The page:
Nivea suffered an embarrassing marketing fail after its decision to stage a pre-game haka at a recent AC Milan match backfired on social media.
The Beiersdorf-owned cosmetics giant staged the marketing stunt prior to AC Milan’s home fixture against fellow Serie A side Carpi when actors dressed as Milan players walked onto the pitch and performed their version of the haka which was dubbed the "Tekitanka”.
The electronic advertisement around the stadium promoted the stunt under the banner 'Men, this is your ritual' alongside the #Tekitanka hashtag. The fake team even had their own manager, J. Maori; a not so subtle nod to New Zealand culture.
AC Milan had been promoting the Tekitanka stunt in the days leading up to the fixture on its Twitter however it was unclear what the hashtags actually meant.
— AC Milan (@acmilan) April 20, 2016
Nivea’s decision to showcase their own version of the traditional Māori ritual closely associated with New Zealand’s culture, and made popular by its rugby teams, did not go down well across social media though.
@acmilan embarrassment to football, performing their own Nivea 'Haka' tonight. Could not imagine Maldini/Cafu doing it, dark days #Tekitanka — Gussy (@gussy_mc) April 21, 2016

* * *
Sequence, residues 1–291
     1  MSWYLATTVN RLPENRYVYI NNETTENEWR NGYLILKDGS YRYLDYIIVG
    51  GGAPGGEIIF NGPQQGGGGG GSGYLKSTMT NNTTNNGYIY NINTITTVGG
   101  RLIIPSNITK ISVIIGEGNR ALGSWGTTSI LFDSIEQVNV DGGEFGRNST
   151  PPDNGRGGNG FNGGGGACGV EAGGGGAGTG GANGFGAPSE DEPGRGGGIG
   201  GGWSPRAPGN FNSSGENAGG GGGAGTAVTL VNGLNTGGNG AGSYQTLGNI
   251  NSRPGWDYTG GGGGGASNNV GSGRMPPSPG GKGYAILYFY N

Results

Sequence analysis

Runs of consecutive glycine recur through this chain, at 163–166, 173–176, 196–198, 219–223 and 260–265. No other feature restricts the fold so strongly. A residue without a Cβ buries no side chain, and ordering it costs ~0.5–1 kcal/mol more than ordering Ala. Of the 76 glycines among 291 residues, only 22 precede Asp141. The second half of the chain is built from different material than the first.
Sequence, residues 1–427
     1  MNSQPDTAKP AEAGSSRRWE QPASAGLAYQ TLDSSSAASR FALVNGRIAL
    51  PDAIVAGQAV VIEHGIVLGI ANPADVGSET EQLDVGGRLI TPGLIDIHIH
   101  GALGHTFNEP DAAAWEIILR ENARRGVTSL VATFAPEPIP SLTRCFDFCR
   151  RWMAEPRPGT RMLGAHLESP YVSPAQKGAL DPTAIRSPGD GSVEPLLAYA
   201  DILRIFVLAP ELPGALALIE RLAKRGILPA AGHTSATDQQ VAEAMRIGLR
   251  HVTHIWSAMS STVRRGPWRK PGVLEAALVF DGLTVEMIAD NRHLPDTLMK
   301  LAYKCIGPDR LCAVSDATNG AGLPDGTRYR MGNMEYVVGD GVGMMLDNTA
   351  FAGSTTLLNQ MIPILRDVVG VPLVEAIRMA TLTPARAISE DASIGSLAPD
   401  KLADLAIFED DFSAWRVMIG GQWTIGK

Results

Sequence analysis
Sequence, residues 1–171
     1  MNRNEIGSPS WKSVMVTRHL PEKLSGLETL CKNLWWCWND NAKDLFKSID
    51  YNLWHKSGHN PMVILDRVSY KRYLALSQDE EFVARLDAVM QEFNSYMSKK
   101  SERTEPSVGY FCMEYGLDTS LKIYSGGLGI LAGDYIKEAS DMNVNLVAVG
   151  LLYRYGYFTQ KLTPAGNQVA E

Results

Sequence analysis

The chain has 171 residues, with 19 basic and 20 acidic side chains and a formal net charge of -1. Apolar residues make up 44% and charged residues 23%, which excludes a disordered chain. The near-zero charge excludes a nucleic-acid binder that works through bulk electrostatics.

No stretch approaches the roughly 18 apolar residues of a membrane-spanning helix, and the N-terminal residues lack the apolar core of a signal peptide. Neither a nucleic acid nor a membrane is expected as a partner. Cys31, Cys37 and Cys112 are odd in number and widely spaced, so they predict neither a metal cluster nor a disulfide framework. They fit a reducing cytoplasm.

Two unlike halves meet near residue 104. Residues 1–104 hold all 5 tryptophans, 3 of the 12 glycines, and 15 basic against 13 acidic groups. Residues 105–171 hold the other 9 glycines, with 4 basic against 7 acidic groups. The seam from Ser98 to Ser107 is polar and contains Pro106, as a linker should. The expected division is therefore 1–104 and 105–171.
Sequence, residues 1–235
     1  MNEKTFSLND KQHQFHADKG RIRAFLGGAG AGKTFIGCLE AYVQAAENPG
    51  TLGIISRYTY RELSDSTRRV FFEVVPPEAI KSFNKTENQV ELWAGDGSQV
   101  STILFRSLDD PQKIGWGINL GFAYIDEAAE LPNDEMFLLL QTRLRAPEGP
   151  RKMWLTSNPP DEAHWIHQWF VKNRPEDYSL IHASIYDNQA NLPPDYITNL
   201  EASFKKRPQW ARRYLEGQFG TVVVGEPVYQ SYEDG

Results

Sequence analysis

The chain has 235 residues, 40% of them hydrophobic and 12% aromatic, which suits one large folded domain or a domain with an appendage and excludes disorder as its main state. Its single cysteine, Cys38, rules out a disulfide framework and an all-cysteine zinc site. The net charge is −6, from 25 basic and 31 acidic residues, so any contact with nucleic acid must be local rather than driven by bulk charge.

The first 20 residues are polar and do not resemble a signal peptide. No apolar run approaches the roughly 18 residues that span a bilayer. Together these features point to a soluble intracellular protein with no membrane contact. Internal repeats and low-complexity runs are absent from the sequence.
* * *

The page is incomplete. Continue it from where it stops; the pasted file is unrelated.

Ac Milan performing the haka highlights eveything that is wrong with football
— James Brennan (@JamesDBrennan95) April 21, 2016
This club has won the European cup 7 times. State of modern football. Don't even think about it @ManUtd #Tekitanka pic.twitter.com/XM455pcc1O — James Stirling (@jimmystirling) April 21, 2016
The fact that AC Milan just did the Haka as an advertising stunt is absolutely comical and a complete mockery of the club.
— Alex Mascitti (@IFDMascitti) April 21, 2016
Following the backlash Beiersdorf Australia’s managing director, Clynton Bartholomeusz, released an apology.
“NIVEA is a global brand, with a presence in over 200 countries. While we were not aware of the activity taking place at the Serie A game in Italy this morning (NZT), we recognise the Haka is of great significance to the Maori culture and to New Zealand as a nation and we apologise for any offence this has caused.”